So you can't transfer your coping skills one to one to other humans. I get what you are saying and I am similar to you, but I get the limitations of using one's own situation as a template for others.

    Regards
    Mikkel
     
  3. Unveiled Artist

    Unveiled Artist Love is patient. Love is kind.

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    I'm not sure if you were asking a question for discussion. I live alone, in an older home 65up and I'm 39 with a disability. I have SSI and can't work over a certain amount. I've always lived dependent on the government whether it's over $5,000 worth of meds I take daily or MRIs and CTs and Docs visits etc.

    So, best I do is to take things in perspective. I can't worry for other people. Doing that will get me sick. I live with people who are "at high risk" but I don't think anyone has traveled the country, talked with a stranger, or have any condition less worse than the virus. So many people here have health issues that it's hard to tell whether one "should" panic because a lot have worse conditions. Others live with various coronaviruses. The most common sense thing they've already been doing is watching who they are around it.

    A lot of it is perspective. Keep going on with life and do what you can. Life itself hasn't changed in the last 24 hours so much that the virus will knock at your door just because.

    I'm not one to find gratitude by thinking comparing my pain to someone else's. I'm not one to say, be grateful, others have it worse. Because it's a balance. Not many people had brain surgery but I don't want them to use my pain as a means to be gratful for their health. Find gratitude in yourself and your situation etc.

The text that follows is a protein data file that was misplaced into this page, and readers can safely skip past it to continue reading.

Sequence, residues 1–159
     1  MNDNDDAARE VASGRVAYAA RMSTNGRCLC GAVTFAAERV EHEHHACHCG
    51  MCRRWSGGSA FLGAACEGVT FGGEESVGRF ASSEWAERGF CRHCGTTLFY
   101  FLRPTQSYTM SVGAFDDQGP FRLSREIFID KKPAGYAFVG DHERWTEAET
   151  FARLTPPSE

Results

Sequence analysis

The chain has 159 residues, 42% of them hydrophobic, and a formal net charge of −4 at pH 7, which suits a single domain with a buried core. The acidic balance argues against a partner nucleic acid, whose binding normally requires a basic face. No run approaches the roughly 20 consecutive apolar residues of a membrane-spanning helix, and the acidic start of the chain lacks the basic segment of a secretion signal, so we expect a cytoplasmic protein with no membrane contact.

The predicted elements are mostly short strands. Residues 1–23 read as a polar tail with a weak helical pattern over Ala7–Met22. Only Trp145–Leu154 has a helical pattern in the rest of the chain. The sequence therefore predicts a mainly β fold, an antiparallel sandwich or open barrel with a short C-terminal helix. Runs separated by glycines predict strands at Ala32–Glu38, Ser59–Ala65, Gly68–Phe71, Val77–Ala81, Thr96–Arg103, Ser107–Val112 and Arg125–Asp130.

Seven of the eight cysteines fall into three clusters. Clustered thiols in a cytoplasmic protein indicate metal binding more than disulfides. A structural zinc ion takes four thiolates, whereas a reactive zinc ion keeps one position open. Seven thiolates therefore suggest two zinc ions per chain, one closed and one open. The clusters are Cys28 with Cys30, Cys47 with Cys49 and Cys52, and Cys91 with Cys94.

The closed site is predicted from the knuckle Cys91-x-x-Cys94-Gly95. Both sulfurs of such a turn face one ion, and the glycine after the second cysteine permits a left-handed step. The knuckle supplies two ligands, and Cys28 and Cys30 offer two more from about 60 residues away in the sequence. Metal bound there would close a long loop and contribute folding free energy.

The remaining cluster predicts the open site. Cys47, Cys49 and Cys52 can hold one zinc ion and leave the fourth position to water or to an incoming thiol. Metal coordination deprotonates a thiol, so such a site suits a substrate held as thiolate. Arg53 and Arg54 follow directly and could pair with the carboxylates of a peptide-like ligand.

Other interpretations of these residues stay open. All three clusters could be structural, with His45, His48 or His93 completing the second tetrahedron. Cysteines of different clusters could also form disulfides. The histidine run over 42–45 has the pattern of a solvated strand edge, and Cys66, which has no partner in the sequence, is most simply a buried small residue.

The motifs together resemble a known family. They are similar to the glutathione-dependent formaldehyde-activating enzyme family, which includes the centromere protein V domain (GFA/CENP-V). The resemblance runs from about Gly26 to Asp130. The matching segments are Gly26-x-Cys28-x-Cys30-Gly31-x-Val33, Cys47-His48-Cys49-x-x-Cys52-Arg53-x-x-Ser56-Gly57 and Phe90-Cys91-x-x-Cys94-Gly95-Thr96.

If this was a bit off, I'm sorry. I'm on my phone so I didn't back track like I usually do with longer posts.
     
  4. mikkel_the_dane

    mikkel_the_dane Well-Known Member

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    Bingo. I am also on SSI Danish version and have had to learn the same as you.

    Regards and love
    Mikkel
     
  5. Mock Turtle

    Mock Turtle Compassion, understanding, and tolerance.
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    True. I wasn't suggesting otherwise. I've been lucky in some ways but not so lucky in others.
     
  6. Mock Turtle

    Mock Turtle Compassion, understanding, and tolerance.
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    No problem. I did ask as to how others see themselves in relation to all this.
     
  7. mikkel_the_dane

    mikkel_the_dane Well-Known Member

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    Well, life is always a game of how lucky you are in some sense.

    Regards
    Mikkel
     
  8. Mock Turtle

    Mock Turtle Compassion, understanding, and tolerance.
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    Any of the things that might be positive for myself have to be balanced against all the others that I lack and which will no doubt help others a lot more - such as the support and comfort of others in their household and more regular contact with others (via the internet or phone, for example). Our own mental health will obviously be important and fortunately I am in the best place I have ever been so can't complain there. If our economic situation really gets to be bad, as in a complete collapse and with high inflation, I will likely be worse off as my income is relatively fixed although having the house obviously is some security.
     
  9. mikkel_the_dane

    mikkel_the_dane Well-Known Member

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    Well, since my wife is a public servant and I am on social early retirement pension, we rely on the state making it.

    Regards
    Mikkel
     
  10. Mock Turtle

    Mock Turtle Compassion, understanding, and tolerance.
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    Well hopefully we won't get to such a state.

    I updated the question asked in the OP to make it clearer, and the following might be worth a look for those who might consider themselves more introverted (which I would have done for much of the time):

    https://medicalxpress.com/news/2020-03-introverts-edge-social-distancing-psychologist.html
     
  11. mikkel_the_dane

    mikkel_the_dane Well-Known Member

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    Well, as an introvert I am lucky, because I get my social interaction from my wife and I have learned to do with that as good enough.
    But yes, it is hard to be in social distancing, but I have already learn that in effect, because I am an Aspie.

    Regards
    Mikkel